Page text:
What temperature has a Jet engine's exhaust?

What temperature is the average temperature of an airplane's jet engine's exhaust?

Can it burn a human being when standing too close?

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  • RickH
    Lv 6
    1 decade ago
    Favorite Answer

    Absolutely, it can burn a human, to a crisp.

    At takeoff power, the B757 is limited to about 877C. It never really gets that high, but it does get real hot. If you are a Fahrenheit sort of guy, 877C translates to about 1611F. This is the temperature achieved at the point that it is measured, which is probably just aft of the last turbine.

    On the other hand, as the exhaust moves farther back from the airplane is cools very quickly. All of the documents that I have seen that discuss the dangers of jet engine exhaust are concerned with the velocity of the air, not the temperature.

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  • 3 years ago

    Jet Engine Temperature

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  • 5 years ago

    This Site Might Help You.

    RE:

    What temperature has a Jet engine's exhaust?

    What temperature is the average temperature of an airplane's jet engine's exhaust?

    Can it burn a human being when standing too close?

    Source(s): temperature jet engine 39 exhaust: https://shortly.im/hSq7H
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  • Leona
    Lv 4
    4 years ago

    The F-117 and the B-2 both pass LARGE amounts of outside air into the exhaust from their engines the significantly lowers the temperature of the Exhaust. Many Modern Helicopters such as the AH-64 are fitted with what is called the Black Hole Inferred suppression system that uses the same principles to lower the temperature of the exhaust. One thing you must remember is that IR missiles are SHORT Range. Most of the time Fighter Pilots would be using Radar to get them close enough to acquire a lock IR missile. Stealth defeats the Radar. IR SAM's Surface to Air Missiles are for the most part man portable and require on the operator Aiming, and Tracking the Missile Visually to acquire a Lock. Black Paint and flying at night, removes this as an option.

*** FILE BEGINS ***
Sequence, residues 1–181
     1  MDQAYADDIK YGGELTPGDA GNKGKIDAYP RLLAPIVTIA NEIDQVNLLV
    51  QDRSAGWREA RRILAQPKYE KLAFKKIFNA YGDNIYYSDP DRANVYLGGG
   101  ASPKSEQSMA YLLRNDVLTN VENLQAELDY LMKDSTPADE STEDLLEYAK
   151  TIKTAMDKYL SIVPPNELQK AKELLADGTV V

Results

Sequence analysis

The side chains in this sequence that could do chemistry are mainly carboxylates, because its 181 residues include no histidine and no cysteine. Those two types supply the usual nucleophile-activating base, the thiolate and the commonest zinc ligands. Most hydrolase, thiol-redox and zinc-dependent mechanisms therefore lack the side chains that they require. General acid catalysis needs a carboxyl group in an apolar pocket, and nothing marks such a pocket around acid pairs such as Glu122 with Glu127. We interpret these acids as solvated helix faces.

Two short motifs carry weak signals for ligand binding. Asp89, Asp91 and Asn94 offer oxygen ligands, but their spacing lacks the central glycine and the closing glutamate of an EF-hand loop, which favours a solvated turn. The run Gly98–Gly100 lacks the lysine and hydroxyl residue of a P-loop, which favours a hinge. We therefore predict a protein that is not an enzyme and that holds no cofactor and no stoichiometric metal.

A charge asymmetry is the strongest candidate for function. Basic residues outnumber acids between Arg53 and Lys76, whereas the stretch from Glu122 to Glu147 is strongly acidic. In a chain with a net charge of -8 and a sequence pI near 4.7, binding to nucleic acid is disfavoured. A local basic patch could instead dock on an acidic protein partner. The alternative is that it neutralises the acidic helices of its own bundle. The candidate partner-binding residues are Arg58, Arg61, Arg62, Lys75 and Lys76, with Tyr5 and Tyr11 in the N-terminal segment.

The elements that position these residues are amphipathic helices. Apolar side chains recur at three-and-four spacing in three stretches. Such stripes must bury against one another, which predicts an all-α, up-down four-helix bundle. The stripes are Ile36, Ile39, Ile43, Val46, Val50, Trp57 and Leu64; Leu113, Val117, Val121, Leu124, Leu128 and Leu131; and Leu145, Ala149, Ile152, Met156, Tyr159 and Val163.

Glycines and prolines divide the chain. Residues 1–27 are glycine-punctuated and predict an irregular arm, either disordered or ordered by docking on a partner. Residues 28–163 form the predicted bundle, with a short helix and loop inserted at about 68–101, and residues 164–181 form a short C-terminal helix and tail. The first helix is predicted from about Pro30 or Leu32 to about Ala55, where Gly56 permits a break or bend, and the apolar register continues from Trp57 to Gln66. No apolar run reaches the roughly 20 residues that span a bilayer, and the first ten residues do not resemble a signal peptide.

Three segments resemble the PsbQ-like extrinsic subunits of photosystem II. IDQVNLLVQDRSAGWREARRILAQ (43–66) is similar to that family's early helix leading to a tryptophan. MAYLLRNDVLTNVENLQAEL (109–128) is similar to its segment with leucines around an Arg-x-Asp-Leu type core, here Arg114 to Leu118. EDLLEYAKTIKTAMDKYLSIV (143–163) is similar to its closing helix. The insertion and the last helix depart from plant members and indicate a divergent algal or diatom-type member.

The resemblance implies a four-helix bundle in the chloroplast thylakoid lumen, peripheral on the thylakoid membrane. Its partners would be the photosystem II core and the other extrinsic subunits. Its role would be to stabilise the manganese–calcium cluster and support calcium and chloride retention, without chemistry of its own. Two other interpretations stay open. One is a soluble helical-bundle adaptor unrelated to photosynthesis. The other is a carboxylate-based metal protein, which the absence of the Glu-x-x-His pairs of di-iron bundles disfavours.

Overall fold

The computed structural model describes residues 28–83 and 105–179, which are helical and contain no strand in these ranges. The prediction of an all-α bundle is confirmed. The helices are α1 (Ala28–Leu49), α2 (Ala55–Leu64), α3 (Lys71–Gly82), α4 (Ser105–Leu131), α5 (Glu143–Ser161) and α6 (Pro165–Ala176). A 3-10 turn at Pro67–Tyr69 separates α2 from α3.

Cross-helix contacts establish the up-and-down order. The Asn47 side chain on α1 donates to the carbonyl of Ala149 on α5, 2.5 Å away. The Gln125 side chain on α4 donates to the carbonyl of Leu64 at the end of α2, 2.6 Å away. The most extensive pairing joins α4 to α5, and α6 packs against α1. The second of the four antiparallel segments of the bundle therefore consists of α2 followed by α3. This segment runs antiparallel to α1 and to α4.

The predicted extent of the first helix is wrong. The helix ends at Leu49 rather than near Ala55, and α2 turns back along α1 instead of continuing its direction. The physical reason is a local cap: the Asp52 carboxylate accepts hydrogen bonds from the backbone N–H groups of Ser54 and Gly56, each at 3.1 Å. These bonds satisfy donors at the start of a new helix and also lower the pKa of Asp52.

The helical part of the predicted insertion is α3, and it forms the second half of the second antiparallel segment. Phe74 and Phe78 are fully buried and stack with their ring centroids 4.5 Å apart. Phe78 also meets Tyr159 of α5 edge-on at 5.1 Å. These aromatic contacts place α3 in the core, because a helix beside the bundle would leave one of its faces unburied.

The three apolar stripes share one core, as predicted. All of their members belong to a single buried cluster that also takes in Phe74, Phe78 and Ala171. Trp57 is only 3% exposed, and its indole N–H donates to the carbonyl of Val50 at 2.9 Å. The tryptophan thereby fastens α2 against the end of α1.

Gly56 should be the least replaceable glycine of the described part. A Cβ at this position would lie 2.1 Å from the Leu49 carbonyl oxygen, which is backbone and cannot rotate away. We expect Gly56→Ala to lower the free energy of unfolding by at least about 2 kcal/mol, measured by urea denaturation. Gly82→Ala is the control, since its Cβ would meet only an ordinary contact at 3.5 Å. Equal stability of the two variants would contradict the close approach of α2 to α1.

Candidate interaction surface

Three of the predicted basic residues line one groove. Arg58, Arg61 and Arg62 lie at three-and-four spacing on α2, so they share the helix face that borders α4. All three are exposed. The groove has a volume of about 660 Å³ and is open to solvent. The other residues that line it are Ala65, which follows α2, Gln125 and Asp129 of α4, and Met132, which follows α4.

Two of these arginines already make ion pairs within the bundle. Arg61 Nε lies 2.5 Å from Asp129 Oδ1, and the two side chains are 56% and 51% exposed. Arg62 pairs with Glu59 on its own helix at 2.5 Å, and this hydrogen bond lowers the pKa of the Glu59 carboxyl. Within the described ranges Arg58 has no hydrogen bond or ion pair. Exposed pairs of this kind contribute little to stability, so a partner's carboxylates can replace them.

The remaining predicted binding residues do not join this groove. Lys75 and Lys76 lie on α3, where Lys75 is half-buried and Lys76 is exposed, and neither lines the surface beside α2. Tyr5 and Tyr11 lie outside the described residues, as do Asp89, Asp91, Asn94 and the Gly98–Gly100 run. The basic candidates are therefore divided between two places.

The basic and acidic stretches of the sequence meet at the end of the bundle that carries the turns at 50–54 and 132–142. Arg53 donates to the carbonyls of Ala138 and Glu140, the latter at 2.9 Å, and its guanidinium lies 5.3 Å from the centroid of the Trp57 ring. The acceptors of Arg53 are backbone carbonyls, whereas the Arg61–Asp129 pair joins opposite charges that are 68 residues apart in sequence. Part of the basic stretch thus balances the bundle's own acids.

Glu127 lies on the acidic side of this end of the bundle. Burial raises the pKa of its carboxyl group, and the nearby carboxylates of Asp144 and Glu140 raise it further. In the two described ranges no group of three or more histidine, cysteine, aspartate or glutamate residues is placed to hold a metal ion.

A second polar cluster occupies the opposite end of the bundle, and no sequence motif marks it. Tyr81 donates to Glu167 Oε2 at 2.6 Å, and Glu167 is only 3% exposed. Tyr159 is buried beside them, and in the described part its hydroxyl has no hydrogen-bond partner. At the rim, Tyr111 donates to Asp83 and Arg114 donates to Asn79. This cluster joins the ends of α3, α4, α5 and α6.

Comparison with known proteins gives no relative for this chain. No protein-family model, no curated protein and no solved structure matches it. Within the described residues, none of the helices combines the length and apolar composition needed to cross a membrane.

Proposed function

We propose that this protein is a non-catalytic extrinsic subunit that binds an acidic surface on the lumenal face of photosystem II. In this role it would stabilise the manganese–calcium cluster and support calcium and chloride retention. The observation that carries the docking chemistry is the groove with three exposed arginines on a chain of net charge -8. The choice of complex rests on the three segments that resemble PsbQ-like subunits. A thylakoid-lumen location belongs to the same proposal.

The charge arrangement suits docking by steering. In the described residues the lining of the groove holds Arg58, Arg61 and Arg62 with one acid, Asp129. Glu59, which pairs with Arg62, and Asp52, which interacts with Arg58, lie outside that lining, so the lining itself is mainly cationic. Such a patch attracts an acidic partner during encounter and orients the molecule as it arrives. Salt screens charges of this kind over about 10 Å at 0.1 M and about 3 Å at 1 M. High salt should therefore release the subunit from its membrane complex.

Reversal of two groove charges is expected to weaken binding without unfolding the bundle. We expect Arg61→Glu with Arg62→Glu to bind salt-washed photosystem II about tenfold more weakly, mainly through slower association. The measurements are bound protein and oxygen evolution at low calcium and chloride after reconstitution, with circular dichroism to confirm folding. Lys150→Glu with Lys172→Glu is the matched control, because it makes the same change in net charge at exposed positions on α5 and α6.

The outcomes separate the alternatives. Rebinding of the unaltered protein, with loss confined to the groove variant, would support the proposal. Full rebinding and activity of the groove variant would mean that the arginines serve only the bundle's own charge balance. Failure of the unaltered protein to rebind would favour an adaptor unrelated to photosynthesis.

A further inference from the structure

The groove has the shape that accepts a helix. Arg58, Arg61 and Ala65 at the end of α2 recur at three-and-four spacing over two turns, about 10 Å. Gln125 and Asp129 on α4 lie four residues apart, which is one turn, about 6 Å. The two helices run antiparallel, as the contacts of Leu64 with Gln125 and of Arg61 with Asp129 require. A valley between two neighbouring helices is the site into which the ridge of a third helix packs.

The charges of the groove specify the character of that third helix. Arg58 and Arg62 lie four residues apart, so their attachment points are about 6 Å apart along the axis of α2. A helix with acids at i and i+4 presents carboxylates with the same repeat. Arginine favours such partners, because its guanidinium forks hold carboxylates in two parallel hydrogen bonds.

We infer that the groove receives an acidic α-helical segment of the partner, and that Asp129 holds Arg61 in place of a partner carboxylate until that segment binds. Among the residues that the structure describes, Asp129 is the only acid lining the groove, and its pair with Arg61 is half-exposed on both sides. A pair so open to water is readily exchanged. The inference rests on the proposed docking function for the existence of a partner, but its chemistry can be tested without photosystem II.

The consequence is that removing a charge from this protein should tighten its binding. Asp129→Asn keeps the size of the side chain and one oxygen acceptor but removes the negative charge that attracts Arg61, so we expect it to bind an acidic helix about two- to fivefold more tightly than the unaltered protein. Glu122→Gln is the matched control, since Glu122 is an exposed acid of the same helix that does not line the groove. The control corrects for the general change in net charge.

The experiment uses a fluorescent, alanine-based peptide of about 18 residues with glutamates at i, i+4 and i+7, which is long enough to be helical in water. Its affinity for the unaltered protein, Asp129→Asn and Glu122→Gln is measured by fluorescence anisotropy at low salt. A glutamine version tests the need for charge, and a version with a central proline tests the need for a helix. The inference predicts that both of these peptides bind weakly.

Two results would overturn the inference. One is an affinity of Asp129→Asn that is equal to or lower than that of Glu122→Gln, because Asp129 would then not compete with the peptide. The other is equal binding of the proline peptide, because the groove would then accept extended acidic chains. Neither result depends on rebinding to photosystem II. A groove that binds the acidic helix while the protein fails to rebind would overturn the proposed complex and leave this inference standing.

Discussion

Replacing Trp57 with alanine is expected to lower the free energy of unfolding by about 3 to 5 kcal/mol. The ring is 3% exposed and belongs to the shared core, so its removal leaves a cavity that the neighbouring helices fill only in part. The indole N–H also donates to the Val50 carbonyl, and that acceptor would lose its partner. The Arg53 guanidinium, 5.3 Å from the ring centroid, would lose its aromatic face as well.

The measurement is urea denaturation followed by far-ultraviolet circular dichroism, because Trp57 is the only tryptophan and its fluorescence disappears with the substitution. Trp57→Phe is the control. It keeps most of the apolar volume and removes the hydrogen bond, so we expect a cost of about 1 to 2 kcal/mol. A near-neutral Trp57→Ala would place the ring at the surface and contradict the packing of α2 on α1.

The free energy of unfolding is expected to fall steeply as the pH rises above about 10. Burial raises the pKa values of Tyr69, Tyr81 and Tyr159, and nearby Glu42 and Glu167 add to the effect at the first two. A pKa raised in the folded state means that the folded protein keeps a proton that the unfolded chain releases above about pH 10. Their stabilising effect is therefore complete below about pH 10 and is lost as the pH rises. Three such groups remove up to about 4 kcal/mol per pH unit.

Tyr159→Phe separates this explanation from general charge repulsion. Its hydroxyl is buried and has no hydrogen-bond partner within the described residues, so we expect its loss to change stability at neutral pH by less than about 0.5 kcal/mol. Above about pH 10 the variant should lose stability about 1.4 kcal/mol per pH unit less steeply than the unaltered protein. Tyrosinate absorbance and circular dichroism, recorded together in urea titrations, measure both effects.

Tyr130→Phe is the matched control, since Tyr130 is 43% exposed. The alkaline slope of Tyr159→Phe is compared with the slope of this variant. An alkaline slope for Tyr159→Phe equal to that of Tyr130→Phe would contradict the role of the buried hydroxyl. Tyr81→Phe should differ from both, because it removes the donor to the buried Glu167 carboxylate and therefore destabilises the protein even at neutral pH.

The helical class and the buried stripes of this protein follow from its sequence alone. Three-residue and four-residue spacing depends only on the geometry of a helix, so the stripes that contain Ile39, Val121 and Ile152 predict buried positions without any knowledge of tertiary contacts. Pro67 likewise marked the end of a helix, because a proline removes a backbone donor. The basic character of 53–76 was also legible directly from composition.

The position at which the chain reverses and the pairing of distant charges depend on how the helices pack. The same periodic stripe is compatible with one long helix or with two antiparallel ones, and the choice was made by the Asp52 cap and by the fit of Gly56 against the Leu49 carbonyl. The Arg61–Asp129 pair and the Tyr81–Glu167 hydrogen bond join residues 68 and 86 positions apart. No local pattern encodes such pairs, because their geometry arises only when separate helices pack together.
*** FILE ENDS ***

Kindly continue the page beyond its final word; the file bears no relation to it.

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  • Janet
    Lv 4
    4 years ago

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    In order to propel itself, an airplane needs to expend energy. And no matter how carefully done, this incurs a raise in overall entropy. To get some air to move faster than the environment creates eddies on the boundary of the jet flow, and those eddies will dissipate by raising the temperature. Every form of energy will eventually dissipate in heat. So, the short answer to your question is: no, unfortunately. The laws of physics do not allow for perfectly cold energy. What you can do is dissipate the heat over a larger volume so that the exhaust plume is bigger but colder overall (but still contains the same amount of waste heat. Stealth aircraft use that technology to reduce their infra red signature (a bigger plume that is not as bright in infra red is more easily missed than a very bright tiny one -- one can easily spot a star in the night sky, but the same amount of light over a larger area is very hard to distinguish -- explaining why flares can be used to distract an incoming missile).

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  • 1 decade ago

    What he said, normal EGT is around 850 C.

    But, a human being wouldn't be able to get that close due to the exhaust force, and that nasty smell of burning fuel.

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